In the NBA, players' priorities can change as their careers continue, and that's the case when it comes to Phoenix Suns star forward Kevin Durant. Earlier in his career, Durant was concerned with how he was perceived and the legacy he would leave behind, but he says that no longer concerns him.
"I don't care about legacy," Durant said, via The Athletic. "I used to. I used to want to carve out a lane or space in this game for myself that people can remember, but it's become too much of a thing now. It just becomes too much of a focus on other people. What's he done, what's he done? Comparisons. Before, when we wasn't doing all this debating, I cared about it … I'm about to be in the same breath as these top guys. It was big.
"Nowadays, I truly, truly don't care. I truly just want to go out there and produce, be the best that I could be, go home, hang with my family, that's it."
Durant's mindset shifted after he signed with the Golden State Warriors in 2016. The move was heavily criticized and labeled as a cop out. Instead of building his own squad to battle against the then-defending Western Conference champion Warriors, Durant joined the team and created a juggernaut. This move shifted how he was perceived as a player and placed him on the receiving end of a lot of vitriol.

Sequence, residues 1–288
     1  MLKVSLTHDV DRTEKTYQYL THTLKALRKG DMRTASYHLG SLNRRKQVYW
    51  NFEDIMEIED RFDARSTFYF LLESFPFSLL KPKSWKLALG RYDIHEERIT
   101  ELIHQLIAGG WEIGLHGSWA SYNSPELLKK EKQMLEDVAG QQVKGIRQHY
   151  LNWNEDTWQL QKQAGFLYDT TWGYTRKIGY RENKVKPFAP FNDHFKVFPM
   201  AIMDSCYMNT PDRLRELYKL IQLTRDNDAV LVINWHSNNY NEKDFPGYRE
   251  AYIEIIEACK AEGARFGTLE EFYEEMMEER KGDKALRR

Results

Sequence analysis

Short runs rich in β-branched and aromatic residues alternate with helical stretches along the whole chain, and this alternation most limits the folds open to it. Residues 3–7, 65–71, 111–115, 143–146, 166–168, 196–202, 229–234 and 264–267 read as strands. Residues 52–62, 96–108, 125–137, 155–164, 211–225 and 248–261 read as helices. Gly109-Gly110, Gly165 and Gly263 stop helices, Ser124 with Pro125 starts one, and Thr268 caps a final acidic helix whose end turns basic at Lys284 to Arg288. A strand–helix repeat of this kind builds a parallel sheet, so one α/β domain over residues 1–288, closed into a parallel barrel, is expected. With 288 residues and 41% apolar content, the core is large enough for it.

"Once I left to go to the Warriors [in 2016], I figured any logical thing, when it comes to me it's out of the window," Durant said. "When it comes to me, people are not going to think in a logical way or simply look at what I've done and say that's it. They gotta add a narrative to it; they gotta push something to discredit me. Once I left to go to the Warriors, it's been the gymnastics on how to discredit me every step of the way.
"It's like, damn, that's not even fun, no more like engaging with people because y'all aren't even being truthful. You move the goalpost every time, you expect the most out of me, and if I don't reach it, I'm a failure. It's like, what's the problem? I don't throw my s— at people. People want their own experience in the NBA. Their experience is their experience. I can't say anything. I let it be. When some fan says, 'KD, I don't like how you did this.' I can't be upset about that. That's your view and how you look at the league. I just learned how to accept that, move forward, and be the best me."
Learning to block out or ignore detractors is a positive step for Durant, who appeared to be too concerned with outside opinions earlier in his career. Anyone who achieves Durant's success will have plenty of naysayers; ask LeBron James.
When it comes to Durant's legacy, well, that's still being written. Another title with the Suns would undoubtedly bolster his well-decorated resume. But even if he were never to play another game in the NBA, Durant has long established himself as one of the most elite, versatile scorers in league history, and he'll be remembered as such.